What type of training do Naturopathic Doctors have?

After completing a minimum of three years of university perquisites, Naturopathic Doctors complete four years of training. Naturopathic programs include basic and clinical medical sciences as well as out‐ patient clinical training under the supervision of regulated naturopathic doctors. NDs study the same basic medical and clinical sciences as other healthcare professionals, such as MDs, DCs, DDSs and RNs. These sciences lay the foundation for detailed history, intake, physical and laboratory diagnosis. This leads to proficiency in assessment, diagnosis, treatment and follow‐up evaluation with additional emphasis on prevention and wellness through traditional treatment methods such as botanical medicine, acupuncture, homeopathy, and nutrition. In order to practice in Ontario, NDs must successfully complete rigorous North American board examinations.

What does it mean when a Naturopathic Doctor is a registered naturopathic doctor.

To be a member of the College of Naturopaths, a Naturopathic Doctor has graduated from an approved, four‐year naturopathic medicine College and has completed all the provincial requirements, including the postdoctoral board examinations (NPLEX). Every Naturopathic Doctor has a registration number and with such, services received from NDs are recognized by many extended healthcare plans. It is true, that some practitioners in Ontario who are not eligible to join the college do call themselves “naturopaths” and this is illegal. Often these people have completed correspondence courses or have received minimal formal education and lack clinical training. The College of Naturopaths works to protect the public, ensuring a high standard of care for all Ontarians.

Who uses Naturopathic Medicine?

A 2011 Ontario study found that 20% of people residing in the greater Toronto area have already seen a Naturopathic Doctor for treatment and this number continues to grow as 4‐in‐10 Ontarians said they are likely see an ND in the next year.

Do Naturopathic Doctors work with Medical Doctors?

Naturopathic Doctors often work with conventional laboratory testing and diagnosis to create an individualized treatment plan. NDs often work with a patient’s medical doctor to ensure that a proper diagnosis has been reached or to determine if further testing or treatment is needed. Naturopathic Doctors are trained to look at laboratory values not only for the absence of disease, but from a preventative and wellness perspective. Because many of the therapies used by NDs are natural and nontoxic, they often do not interfere with conventional treatments that might have already been started. As knowledge and understanding of naturopathic medicine increases, we are seeing more allopathic doctors (MDs) referring to naturopathic doctors.

Do Naturopathic Doctors give referrals?

Ontario NDs refer patients to many different healthcare providers when appropriate including; family physicians, osteopathic doctors, physiotherapists, psychologists, chiropractors and massage therapists.

Can my Naturopathic Doctor order lab tests?

Currently, NDs have been using private laboratory services to provide a full range of testing including; blood, saliva and urine as well as for PAP smears. At this time we are not able to request ultrasound, x‐ ray or other imaging diagnostics but we are trained to interpret them and often ask patients to request their MD’s to refer them for these procedures when appropriate.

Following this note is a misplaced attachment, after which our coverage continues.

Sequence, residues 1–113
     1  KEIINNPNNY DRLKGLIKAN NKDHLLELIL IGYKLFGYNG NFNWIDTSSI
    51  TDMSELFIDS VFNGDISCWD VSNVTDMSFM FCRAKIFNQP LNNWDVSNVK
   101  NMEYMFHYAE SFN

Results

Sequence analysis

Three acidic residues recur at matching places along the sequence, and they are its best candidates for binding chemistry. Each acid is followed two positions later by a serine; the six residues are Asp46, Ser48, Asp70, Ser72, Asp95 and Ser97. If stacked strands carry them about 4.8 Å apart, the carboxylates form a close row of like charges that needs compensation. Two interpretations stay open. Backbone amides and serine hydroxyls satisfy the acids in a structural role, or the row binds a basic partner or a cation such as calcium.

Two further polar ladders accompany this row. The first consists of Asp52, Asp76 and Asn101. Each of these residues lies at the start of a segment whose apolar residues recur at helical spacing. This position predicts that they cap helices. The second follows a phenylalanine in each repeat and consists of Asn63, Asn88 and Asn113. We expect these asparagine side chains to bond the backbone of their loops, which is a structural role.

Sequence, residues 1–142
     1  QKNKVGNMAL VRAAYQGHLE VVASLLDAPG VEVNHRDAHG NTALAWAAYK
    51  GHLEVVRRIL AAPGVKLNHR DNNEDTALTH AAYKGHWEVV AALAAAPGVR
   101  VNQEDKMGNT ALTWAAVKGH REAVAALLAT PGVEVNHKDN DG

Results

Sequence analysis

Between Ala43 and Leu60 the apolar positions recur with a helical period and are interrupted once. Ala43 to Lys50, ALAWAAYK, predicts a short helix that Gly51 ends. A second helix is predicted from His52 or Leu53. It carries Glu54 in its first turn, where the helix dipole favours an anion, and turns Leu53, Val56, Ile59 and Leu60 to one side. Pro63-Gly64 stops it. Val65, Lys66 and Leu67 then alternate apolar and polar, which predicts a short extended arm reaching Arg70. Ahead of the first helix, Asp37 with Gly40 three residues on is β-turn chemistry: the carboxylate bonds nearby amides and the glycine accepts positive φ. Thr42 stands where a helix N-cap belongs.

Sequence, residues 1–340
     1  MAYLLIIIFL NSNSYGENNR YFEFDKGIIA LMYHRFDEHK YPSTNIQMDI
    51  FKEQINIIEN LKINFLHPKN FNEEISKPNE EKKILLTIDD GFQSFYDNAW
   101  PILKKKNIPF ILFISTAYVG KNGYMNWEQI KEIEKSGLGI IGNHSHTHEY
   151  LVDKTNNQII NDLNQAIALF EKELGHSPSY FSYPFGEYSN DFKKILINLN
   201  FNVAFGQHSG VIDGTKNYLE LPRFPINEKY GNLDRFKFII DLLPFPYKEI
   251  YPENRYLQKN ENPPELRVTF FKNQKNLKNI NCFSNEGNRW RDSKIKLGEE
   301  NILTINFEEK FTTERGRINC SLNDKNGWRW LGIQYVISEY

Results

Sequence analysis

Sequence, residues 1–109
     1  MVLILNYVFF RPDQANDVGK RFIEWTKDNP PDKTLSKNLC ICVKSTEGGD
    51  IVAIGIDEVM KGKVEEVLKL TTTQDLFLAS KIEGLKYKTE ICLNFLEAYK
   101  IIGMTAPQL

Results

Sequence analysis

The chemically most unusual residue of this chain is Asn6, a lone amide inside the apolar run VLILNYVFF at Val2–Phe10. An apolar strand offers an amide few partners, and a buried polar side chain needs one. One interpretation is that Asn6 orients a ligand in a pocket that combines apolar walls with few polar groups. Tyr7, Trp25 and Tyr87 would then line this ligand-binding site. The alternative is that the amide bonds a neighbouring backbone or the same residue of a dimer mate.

Do Naturopathic Doctors prescribe medication?

In Ontario, Naturopathic Doctors need to require a prescribing course and exam in order to prescribe certain medications including thyroid and bio-identical hormones. Dr. Tanya has completed her prescribing course and is licensed to prescribe certain vitamins and hormones.

Are Naturopathic Doctors the same as homeopaths?

Naturopathic Doctors have more extensive training than homeopaths in lab diagnosis and physical exams and are trained to use other modalities including lifestyle medicine, nutrition, botanical medicine, acupuncture, hydrotherapy, nutrition, and orthomolecular medicine.

Is naturopathic medicine proven by science?

Many naturopathic treatments have been researched and been proven safe and effective for numerous conditions. The Canadian College of Naturopathic Medicine has conducted studies with Canada Post to measure the effectiveness of natural modalities for treating back pain, rotator cuff tendonitis, anxiety and for the prevention of cardiovascular disease amongst its employees. There are also numerous randomized control trials and evidence‐based studies in the literature that have shown the efficacy of the approaches and modalities used in naturopathic medicine. Scientific examination of naturopathic methods is important, helping to bring clarity and refinement to the traditional and historical use of various therapies.

Why spend money on preventative healthcare?

While it may seem like an extra expense to seek preventative healthcare, learning to adopt a healthy diet and lifestyle and discovering issues before they lead to disease, can save thousands of dollars in out‐of‐pocket expenses later on. Screening and early detection of disease are not enough and Naturopathic Doctors are able to help recognize the primary causes and then develop dietary and lifestyle protocols to help correct deficiencies before they become an issue. By empowering patients to lead healthy lives Naturopathic Doctors will significantly decrease the cost of treating illness in the future.

Is Naturopathic Medicine merely a trend in medicine?

With over 2400 Naturopathic Doctors practicing across Canada, there is growing awareness and acceptance of what naturopathic medicine can accomplish. With new research and new treatment techniques and therapies being developed, naturopathic medicine is poised to thrive in the twenty first century.